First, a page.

Tajbakhsh, who works for the Open Society Institute, has been held in Tehran's Evin prison since May for allegedly endangering Iran's national security.
Tajbakhsh told reporters visiting the prison today that no formal charges have been filed against him and that his case is still under investigation.
He also said conditions inside the prison are "fine."
An Iranian Judiciary spokesman who accompanied the media visit, Ali Reza Jamshidi, said charges in fact have been raised against Tajbakhsh, but that he will probably be released within the next few days.
Meanwhile, another Iranian-American facing charges in Iran -- Radio Farda broadcaster Parnaz Azima -- is expected to leave the country in the coming days after authorities returned her passport on September 4. She had been prevented from leaving Iran for about seven months.
Azima, who has been charged with spreading propaganda against the state, has been told that her case remains open and that there will be a court session at an unspecified date.
Iranian authorities recently released on bail another Iranian-American, Haleh Esfandiari, who had been imprisoned for some three months on similar accusations.
Esfandiari is the director of the Middle East Program of the Woodrow Wilson Institute in Washington, D.C. She was charged with involvement in what authorities have described as a U.S. plot aimed at destabilizing the Iranian regime.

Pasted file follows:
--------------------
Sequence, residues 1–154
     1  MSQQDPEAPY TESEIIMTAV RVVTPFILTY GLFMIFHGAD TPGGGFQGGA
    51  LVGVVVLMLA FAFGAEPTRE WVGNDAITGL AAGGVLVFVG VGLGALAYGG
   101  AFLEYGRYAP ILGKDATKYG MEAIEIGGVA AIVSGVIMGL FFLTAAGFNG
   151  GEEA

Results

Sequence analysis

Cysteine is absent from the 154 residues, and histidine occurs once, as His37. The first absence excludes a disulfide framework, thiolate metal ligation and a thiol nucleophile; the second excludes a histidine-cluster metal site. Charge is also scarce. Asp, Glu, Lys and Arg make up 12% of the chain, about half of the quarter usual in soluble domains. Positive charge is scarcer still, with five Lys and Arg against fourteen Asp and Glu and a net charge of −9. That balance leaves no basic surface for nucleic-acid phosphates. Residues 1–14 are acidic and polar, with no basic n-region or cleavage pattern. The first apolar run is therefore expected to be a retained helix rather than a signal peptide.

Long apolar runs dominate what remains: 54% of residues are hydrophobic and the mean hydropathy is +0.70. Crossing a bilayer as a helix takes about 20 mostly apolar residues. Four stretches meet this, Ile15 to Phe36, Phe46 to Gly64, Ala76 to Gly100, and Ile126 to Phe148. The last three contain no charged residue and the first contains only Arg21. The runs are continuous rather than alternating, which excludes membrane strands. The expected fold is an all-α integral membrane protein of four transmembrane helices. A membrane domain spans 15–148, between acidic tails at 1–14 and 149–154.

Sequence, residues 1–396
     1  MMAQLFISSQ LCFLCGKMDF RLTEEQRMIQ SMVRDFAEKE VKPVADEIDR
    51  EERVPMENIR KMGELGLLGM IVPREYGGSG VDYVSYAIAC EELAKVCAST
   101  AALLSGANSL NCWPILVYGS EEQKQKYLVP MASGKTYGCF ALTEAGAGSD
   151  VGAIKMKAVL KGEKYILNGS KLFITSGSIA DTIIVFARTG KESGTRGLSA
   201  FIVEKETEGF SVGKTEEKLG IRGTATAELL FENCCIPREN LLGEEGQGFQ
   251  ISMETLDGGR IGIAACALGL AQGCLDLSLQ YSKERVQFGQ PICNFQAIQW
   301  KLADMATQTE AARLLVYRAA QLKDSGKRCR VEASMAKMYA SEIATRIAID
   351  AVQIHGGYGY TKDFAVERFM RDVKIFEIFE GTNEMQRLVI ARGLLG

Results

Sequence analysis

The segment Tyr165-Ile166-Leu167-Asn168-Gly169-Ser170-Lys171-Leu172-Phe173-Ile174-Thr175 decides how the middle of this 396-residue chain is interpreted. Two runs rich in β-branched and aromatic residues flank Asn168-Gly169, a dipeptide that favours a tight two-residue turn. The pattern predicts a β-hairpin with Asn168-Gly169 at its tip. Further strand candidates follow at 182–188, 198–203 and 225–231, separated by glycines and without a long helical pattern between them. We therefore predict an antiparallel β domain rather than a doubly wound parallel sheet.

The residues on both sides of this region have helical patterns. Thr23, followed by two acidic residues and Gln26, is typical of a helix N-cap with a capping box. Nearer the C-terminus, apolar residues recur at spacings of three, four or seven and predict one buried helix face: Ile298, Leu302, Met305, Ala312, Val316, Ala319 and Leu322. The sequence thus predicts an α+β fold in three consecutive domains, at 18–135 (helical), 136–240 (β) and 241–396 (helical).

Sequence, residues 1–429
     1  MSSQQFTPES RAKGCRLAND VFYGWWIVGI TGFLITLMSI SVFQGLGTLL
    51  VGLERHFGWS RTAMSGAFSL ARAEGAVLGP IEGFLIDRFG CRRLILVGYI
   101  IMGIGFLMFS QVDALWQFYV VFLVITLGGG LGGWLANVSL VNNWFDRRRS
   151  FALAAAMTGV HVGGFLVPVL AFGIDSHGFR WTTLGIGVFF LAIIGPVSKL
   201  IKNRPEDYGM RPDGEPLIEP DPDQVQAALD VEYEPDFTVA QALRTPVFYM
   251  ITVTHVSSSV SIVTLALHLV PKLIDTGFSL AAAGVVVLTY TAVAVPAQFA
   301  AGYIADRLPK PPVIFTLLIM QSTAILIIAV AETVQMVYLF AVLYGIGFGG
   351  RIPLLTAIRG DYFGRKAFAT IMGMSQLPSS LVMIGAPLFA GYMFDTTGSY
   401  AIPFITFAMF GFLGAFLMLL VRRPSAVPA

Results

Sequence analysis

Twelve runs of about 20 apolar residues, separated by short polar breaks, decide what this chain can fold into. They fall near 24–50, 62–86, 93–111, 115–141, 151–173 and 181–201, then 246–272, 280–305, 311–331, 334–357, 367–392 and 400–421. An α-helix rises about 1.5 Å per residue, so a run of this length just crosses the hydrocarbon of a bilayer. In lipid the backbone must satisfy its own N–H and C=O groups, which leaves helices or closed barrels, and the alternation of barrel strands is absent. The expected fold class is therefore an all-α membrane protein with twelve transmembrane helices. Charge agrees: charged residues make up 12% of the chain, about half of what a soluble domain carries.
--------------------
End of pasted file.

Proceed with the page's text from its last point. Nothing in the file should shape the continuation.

In Washington on September 10, Esfandiari told journalists that she was treated well, and with respect, during her detention. She also appealed for greater dialogue between the United States and Iran.
There is no news, however, about Iranian-American Ali Shakeri, a peace activist from California who has also been in jail in Iran since May.
Haleh Esfandiari, the director of the Middle East program at the Woodrow Wilson International Center for Scholars, was detained in Iran in May. She was charged with acting against Iran's national security. Esfandiari along with another detained Iranian-American scholar, Kian Tajbakhsh, appeared on Iranian television in July in a program that -- according to Iranian officials -- showed that the two are linked to a U.S. plot to destabilize Iran's Islamic establishment. Human-rights groups strongly condemned the program and said any statements that were made were coerced. Esfandiari was released from jail on August 21 on a bail of about $300,000. She was allowed to leave Iran on September 3.
Kian Tajbakhsh, a consultant with the Open Society Institute, was also detained in Iran in May, and released on bail on September 20. He is also facing security charges including acting against Iran's national security. He was reportedly detained at Tehran's notorious Evin prison in solitary confinement.
Ali Shakeri, a peace activist and businessman based in Irvine, California, is believed to have been detained since May 8. He was reportedly arrested at Tehran's international airport while leaving for Europe. Iranian authorities confirmed his detention in June. On August 12, Tehran's deputy prosecutor said that Shakeri's case was not related to the cases of Esfandiari and Tajbakhsh and that "the time had not yet arrived for providing full information about his situation." His wife, colleagues, and human-rights groups have expressed concern over his fate.
Parnaz Azima, a broadcaster with Radio Farda, was prevented from leaving Iran since a visit to her sick mother in January, when authorities confiscated her passport and charged her with working with Radio Farda and spreading propaganda against the state. On September 3, intelligence officials told her to collect her passport. Azima said she will leave Iran in the near future.